Serving as an estate executor covers a wide range of responsibilities, involving a number of other people and organizations. Here are some of the common mistakes executors make, and how to avoid them:
When dealing with heirs, the key is to be fair, communicate relatively frequently and transparently, and to keep in mind that ultimately you are in charge (within the confines of the law). Common executor mistakes include:
An executor has a fiduciary duty to act in accordance with the best interests of the estate ... even if this is not in the executor's best interests. In addition, while an executor does have wide latitude in making decisions about the estate, an executor must not financially favor one heir at the expense of another. And while it's not illegal to favor one heir in terms of allowing him or her first choice of assets, best practice for an executor is to try to treat everyone fairly and equally. See Fiduciary Duty.
In some cases, a decedent dies with an heir (or multiple heirs) owing the decedent money. As an executor, you do not have legal authority to simply forgive (i.e., cancel) such debts: it would be unfair to the other heirs. See Heir Debts for alternate ways of handling such situations.
In many states you must notify heirs that you intend to start the probate process, or that you have received appointment as executor of the estate. As part of that process, the executor is often required to notify heirs-at-law, who are people that would inherit if there were no will ... even if there is a will, and they are excluded. Check with your local probate court for specific requirements.
Heirs are often impatient to receive their inheritances, and don't understand the intricacies of estate settlement. It can be tempting to make some distributions before the final stages of the process, especially when heirs are in financial distress. If you are going through probate, early distributions likely require permission from the court, but in any case, there are risks associated with early distributions. For example, previously unknown debts may affect distribution amounts for all heirs, and it may be difficult to reclaim funds you have already distributed.
In a recent EstateExec study, 44% of respondents indicated that they had experienced or knew of family conflict due to the estate settlement process, sometimes escalating into actual lawsuits. Keeping heirs informed about the process, and progress along the way, can go a long ways towards reducing suspicion and anxiety: see See Dealing with Heirs.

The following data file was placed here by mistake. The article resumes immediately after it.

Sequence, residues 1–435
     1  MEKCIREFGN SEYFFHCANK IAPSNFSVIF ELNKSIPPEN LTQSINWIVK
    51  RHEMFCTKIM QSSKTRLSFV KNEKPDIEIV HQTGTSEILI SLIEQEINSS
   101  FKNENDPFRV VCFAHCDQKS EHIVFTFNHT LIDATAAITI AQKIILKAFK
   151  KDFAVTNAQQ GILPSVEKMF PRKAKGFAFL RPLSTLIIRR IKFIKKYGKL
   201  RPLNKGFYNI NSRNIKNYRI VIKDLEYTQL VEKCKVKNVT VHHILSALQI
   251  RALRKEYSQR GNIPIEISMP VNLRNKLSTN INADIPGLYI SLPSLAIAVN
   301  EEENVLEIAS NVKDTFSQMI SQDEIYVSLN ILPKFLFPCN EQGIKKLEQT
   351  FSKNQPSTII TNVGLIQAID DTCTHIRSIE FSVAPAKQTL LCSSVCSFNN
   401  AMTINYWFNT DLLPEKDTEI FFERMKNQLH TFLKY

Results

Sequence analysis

When dealing with creditors, in most cases you can simply pay the bills and move on. However, claims that unexpectedly surface late in the process (or even after you have completed the settlement) can be be quite problematic. Here are a few of the common mistakes executors make:
In some states you are required to notify creditors of the death and instruct them to contact you for any claims they may have; in other states this is optional. In all cases, though, this notification protects the executor from liability and enables the estate to wrap up more quickly, because these notifications reduce the time creditors have to make claims.
Publishing a notice of death in a newspaper available locally covers creditors you don't know about, but you are usually required to directly contact creditors you do know about (or should know about). See Finding Debts: Notice for state-specific information.
If the statute of limitations for a given debt has expired, the debt is considered barred, meaning that no legal action can be taken to collect the debt. In many states, however, acknowledging indebtedness in writing, or making a partial payment, can restart the clock, so executors need to take care not to inadvertently make a debt collectible that otherwise would not have been. See state-specific Estate Debt and Claim Limitations.
It's tempting to get on top of things, be efficient, and just pay all bills as soon as you become aware of them. However, there is a strict order for who has priority access to estate funds, and if you pay bills and then later don't have enough funds to meet other, higher-priority obligations, you could be personally liable for the early payments.